Organizers conceived of this convention as a means to inspire, but some African American Republicans have found the Xcel Energy Center depressing this week. Everywhere they look, they see evidence of what they consider one of their party’s biggest shortcomings.
As the country rapidly diversifies, Republicans are presenting a convention that is almost entirely white.
Only 36 of the 2,380 delegates seated on the convention floor are black, the lowest number since the Joint Center for Political and Economic Studies began tracking diversity at political conventions 40 years ago. Each night, the overwhelmingly white audience watches a series of white politicians step to the lectern — a visual reminder that no black Republican has served as a governor, U.S. senator or U.S. House member in the past six years.
Editor’s Comment — How can a party that doesn’t resemble the country, credibly put the “country first”?
A white minority that claims a right to speak for everyone is merely expressing its contempt for those outside its ranks.
That Sarah Palin can rouse the spirits of the Republican faithful by no means suggests that she’s about to inspire a groundswell of popular support across the nation. That John McCain was correct in believing that Palin could fire up a lackluster campaign does not resolve the Republicans’ fundamental challenge: How can a party that has been dominant for this long now plausibly present itself as a force for change?
The former chairman of the Senate Committee on Foreign Relations also criticized presumptive Republican Presidential Nominee John McCain’s approach to Israel and the United States’ diplomatic tensions with Iran by portraying the Islamic Republic as being in a fractured and weak state.
“McCain says it’s status quo or war – and there’s nothing in between. We all know Iran is weak and weak economically,” Biden said. “We should stop making Iran into this 12-foot giant. They are not. They are not. The more we do that, the more we undercut our own self-interest.”
Biden also questioned the wisdom of a pre-emptive U.S.-led attack on Iran, at a time when the U.S. is “bogged-down in Iraq,” adding that he has been “stunned by the incompetence” of the Bush administration in its handling of the war in Iraq.
Biden defended his opposition to the Kyl-Lieberman Iran amendment, which calls for labeling Iran’s Revolutionary Guard a terrorist organization and passed by a vote of 76 – 22, saying that he didn’t want to help the government find a “pretext for war with Iran,” especially in light of what he described as the Bush administration’s inept handling of the war in Iraq.
Here it is, as simply as I can put it: In the course of any year, there must be relatively few countries on this planet on which U.S. soldiers do not set foot, whether with guns blazing, humanitarian aid in hand, or just for a friendly visit. In startling numbers of countries, our soldiers not only arrive, but stay interminably, if not indefinitely. Sometimes they live on military bases built to the tune of billions of dollars that amount to sizeable American towns (with accompanying amenities), sometimes on stripped down forward operating bases that may not even have showers. When those troops don’t stay, often American equipment does — carefully stored for further use at tiny “cooperative security locations,” known informally as “lily pads” (from which U.S. troops, like so many frogs, could assumedly leap quickly into a region in crisis).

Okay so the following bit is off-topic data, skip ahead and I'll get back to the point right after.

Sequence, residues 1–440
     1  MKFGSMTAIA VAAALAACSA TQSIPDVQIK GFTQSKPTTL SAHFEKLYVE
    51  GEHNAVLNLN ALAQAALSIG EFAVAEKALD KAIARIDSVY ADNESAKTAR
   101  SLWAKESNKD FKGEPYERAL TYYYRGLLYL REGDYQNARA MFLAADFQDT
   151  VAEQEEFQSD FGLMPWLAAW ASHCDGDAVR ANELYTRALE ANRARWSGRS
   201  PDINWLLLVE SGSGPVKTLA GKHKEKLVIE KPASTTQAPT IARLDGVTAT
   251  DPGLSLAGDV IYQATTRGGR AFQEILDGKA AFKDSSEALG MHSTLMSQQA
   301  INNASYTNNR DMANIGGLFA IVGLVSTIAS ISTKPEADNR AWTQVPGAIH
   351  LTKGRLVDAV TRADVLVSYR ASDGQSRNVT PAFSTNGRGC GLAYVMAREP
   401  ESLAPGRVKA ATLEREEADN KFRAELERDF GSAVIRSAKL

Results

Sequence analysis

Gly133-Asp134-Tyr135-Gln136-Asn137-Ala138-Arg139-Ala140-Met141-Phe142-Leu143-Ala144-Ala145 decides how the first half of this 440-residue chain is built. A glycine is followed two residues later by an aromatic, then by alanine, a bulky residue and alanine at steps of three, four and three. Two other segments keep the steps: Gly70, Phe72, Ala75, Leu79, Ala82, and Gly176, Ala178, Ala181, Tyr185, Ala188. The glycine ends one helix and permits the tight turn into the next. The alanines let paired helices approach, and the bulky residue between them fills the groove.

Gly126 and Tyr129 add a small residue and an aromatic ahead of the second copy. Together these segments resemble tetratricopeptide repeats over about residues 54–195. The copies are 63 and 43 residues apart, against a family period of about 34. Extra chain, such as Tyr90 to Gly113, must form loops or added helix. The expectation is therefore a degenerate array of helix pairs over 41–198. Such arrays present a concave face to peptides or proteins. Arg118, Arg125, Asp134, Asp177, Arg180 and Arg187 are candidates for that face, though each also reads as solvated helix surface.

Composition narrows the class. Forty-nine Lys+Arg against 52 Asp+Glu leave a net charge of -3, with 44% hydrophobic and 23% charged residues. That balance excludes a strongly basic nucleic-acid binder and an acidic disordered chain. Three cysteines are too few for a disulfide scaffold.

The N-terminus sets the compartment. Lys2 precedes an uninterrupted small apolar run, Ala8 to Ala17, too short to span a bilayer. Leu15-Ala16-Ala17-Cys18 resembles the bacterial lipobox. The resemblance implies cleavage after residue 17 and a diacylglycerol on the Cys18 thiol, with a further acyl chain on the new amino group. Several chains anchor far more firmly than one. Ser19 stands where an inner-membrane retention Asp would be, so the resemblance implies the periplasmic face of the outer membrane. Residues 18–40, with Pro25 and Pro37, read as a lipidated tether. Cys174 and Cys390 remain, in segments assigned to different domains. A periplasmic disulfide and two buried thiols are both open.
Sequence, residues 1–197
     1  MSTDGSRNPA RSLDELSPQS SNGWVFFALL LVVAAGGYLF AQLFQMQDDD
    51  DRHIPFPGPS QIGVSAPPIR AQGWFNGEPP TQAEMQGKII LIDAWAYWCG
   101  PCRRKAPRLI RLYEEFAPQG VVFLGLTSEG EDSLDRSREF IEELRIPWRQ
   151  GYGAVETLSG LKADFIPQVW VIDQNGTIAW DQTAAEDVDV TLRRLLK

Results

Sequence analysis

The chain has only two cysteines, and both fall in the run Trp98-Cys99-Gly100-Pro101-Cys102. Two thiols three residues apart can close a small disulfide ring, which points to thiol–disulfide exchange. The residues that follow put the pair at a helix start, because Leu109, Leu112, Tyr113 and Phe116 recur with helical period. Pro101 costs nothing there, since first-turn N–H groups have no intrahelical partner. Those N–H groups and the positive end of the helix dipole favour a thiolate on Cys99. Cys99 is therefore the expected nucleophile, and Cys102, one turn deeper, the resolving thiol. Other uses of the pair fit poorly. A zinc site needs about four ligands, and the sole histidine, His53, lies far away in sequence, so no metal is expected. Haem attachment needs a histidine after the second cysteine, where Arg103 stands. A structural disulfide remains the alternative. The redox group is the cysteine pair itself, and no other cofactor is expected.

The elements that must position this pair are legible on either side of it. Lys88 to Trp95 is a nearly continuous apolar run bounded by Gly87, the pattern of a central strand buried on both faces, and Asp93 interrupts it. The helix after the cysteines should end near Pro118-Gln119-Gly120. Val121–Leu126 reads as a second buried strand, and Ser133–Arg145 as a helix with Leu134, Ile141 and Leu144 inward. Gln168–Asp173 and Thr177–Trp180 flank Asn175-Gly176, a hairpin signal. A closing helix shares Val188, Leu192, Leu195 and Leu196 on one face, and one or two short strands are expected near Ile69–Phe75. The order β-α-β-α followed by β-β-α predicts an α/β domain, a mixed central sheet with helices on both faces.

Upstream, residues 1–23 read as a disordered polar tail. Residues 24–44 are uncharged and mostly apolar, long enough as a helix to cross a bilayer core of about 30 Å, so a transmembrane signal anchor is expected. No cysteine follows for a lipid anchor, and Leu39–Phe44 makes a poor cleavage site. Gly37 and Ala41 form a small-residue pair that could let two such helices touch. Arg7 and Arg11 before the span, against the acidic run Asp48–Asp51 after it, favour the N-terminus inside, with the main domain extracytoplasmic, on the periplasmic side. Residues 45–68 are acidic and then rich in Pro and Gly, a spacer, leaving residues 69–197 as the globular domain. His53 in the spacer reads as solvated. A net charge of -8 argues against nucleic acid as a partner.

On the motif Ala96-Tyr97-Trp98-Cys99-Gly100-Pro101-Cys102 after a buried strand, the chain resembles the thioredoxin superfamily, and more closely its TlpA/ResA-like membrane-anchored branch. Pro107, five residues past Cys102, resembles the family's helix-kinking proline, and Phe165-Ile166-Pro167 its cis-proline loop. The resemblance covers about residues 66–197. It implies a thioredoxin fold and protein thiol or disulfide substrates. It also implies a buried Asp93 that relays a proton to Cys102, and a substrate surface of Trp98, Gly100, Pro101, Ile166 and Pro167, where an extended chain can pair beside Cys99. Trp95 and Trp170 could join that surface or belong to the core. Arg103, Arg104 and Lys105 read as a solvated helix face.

At the height of the Roman Empire, the Romans had an estimated 37 major military bases scattered around their dominions. At the height of the British Empire, the British had 36 of them planetwide. Depending on just who you listen to and how you count, we have hundreds of bases. According to Pentagon records, in fact, there are 761 active military “sites” abroad.
Helicopter-borne American Special Operations forces attacked Qaeda militants in a Pakistani village near the border with Afghanistan early Wednesday in the first publicly acknowledged case of United States forces conducting a ground raid on Pakistani soil, American officials said.
Until now, allied forces in Afghanistan have occasionally carried out airstrikes and artillery attacks in the border region of Pakistan against militants hiding there, and American forces in “hot pursuit” of militants have had some latitude to chase them across the border.
But the commando raid by the American forces signaled what top American officials said could be the opening salvo in a much broader campaign by Special Operations forces against the Taliban and Al Qaeda inside Pakistan, a secret plan that Defense Secretary Robert M. Gates has been advocating for months within President Bush’s war council.
It also seemed likely to complicate relations with Pakistan, where the already unstable political situation worsened after the resignation last month of President Pervez Musharraf, a longtime American ally.
The Western-leaning governing coalition in Ukraine, which took power during the Orange Revolution in 2004 but has endured repeated tumult ever since, appeared once again near collapse on Wednesday.
The president of Ukraine, Viktor A. Yushchenko, asserted that he was the victim of a “political and constitutional coup” carried out by his ally, Prime Minister Yulia V. Tymoshenko, and threatened to call for early parliamentary elections. She blamed him, saying he was seeking ways to rebuild his flagging popular support.
The instability erupted on the eve of a visit to Ukraine by Vice President Dick Cheney, who arrived in the region to show his support for American allies in the wake of Russia’s invasion of Georgia last month.